The Adventures of Tom Sawyer Paperback
|New from||Used from|
Customers Who Bought This Item Also Bought
Enter your mobile number below and we'll send you a link to download the free Kindle App. Then you can start reading Kindle books on your smartphone, tablet, or computer - no Kindle device required.
Getting the download link through email is temporarily not available. Please check back later.
To get the free app, enter your mobile phone number.
What Other Items Do Customers Buy After Viewing This Item?
Top Customer Reviews
Like many young people, Tom would rather be having fun than going to school and church. This desire to enjoy life is always getting him into trouble, from which he finds unusual and imaginative solutions. One of the great scenes in this book has Tom persuading his friends to help him whitewash a fence by making them think that nothing could be finer than doing his punishment for playing hooky from school. When I first read this story, it opened up my mind to the potential power of persuasion.
Tom also is given up for dead and has the unusual experience of watching his own funeral and hearing what people really thought of him. That's something we all should be able to do. By imagining what people will say at our funeral, we can help establish the purpose of our own lives. Mark Twain has given us a powerful tool for self-examination in this wonderful sequence.
Tom and Huck Finn also witness a murder, and have to decide how to handle the fact that they were not supposed to be there and their fear of retribution from the murderer, Injun Joe.
Girls are a part of Tom's life, and Becky Thatcher and he have a remarkable adventure in a cave with Injun Joe. Any young person will remember the excitement of being near someone they cared about alone in this vignette.
Tom stands for the freedom that the American frontier offered to everyone. His aunt Polly represents the civilizing influence of adults and towns. Twain sets up a rewarding novel that makes us rethink the advantages of both freedom and civilization. In this day of the Internet frontier, this story can still provide valuable lessons about listening to our inner selves and acting on what they have to say. Enjoy looking for fun in new ways!
It draws a picture of a time and place I know little about but seemed utterly convincing and I was really struck by the amount of superstition the characters in the book displayed - adults as well as children. Parts of it reminded me of my own childhood (in Essex - a long way from the Mississippi!), parts of it were very touching and parts of it were laugh out loud funny.
It's a gentle read, and the writing is both stylish and wry. I'm going to re-read Huck Finn as soon as I get time!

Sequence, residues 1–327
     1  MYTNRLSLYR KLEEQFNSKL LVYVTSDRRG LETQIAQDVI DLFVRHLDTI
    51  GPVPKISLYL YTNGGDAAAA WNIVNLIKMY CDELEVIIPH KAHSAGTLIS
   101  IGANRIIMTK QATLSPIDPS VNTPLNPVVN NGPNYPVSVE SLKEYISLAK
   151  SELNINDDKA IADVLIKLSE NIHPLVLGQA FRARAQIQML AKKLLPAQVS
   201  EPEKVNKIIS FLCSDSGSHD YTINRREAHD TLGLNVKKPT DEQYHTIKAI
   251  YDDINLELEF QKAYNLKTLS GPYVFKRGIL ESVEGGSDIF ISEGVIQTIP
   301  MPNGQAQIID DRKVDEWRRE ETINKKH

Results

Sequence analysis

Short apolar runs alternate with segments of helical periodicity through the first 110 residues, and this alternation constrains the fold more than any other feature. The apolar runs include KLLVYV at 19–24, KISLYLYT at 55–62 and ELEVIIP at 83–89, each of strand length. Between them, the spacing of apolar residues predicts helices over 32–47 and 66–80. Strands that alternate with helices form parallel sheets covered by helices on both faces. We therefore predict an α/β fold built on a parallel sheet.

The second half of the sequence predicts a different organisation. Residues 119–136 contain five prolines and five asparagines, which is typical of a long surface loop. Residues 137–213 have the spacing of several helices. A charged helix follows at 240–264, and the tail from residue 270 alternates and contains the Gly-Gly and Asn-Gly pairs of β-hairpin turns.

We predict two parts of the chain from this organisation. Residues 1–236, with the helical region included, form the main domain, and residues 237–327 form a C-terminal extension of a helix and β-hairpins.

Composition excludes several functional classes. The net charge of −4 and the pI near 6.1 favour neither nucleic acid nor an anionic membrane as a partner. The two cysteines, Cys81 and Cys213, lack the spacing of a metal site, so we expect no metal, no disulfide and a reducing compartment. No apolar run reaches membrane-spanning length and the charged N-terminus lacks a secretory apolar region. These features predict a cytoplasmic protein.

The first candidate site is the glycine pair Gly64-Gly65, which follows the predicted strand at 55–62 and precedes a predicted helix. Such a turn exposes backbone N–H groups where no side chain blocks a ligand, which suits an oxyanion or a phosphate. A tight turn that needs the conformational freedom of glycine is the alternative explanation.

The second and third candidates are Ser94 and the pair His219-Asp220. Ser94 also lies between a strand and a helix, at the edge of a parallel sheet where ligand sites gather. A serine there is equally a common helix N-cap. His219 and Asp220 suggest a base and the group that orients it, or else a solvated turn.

I would recommend that children aged 10-13 to read this book. However people younger or older can as easily enjoy it as much as anyone else.
This is one of my all time favourite books - superbly written, with a cracking plot, wonderful characterisations, tender, knowing and wise - what more can you ask? Oh it's very funny too.
Based on Twain's own boyhood, the setting is St Petersburg, a small town somewhere along the banks of the Mississippi in the mid 1800s. Tom Sawyer, a lad of indeterminate age, lives with his loving but disapproving aunt Polly and rather too perfect half brother Sid and cousin Mary. Tom, although he has a good heart, is far from perfect but Twain draws him on a big canvass so that his loves, dreams, ambitions, disappointments, fears and agitations, although routed in the everyday adventures and routines of boyhood, are deeply felt and magnified. Tom is a total boy, loyal to his friends, fierce in a fight, desperate for love, eager for adventure and with a wild imagination. He is totally idle except when he takes an interest, he loves his family but is always causing problems and getting into trouble.
Twain sets Tom out on a series of mishaps and circumstances that serve to introduce his wider cast of characters - Huckleberry Finn is an uneducated stray, whom Tom befriends; Becky Harper is the judge's daughter and Tom's on-off sweetheart, Injun Joe is the town's villain around whom the book's plot settles. These early episodes establish Twain's characters but give way to a set up where Injun Joe is in mortal opposition to Tom and Huck Finn. Tom gets deeper and deeper into trouble but his fear of Joe prevents him from explaining himself.Read more ›
Most Recent Customer Reviews
I completely disliked the voice and although I stuck with the book, I was desperate for it to end.Published 3 months ago by abby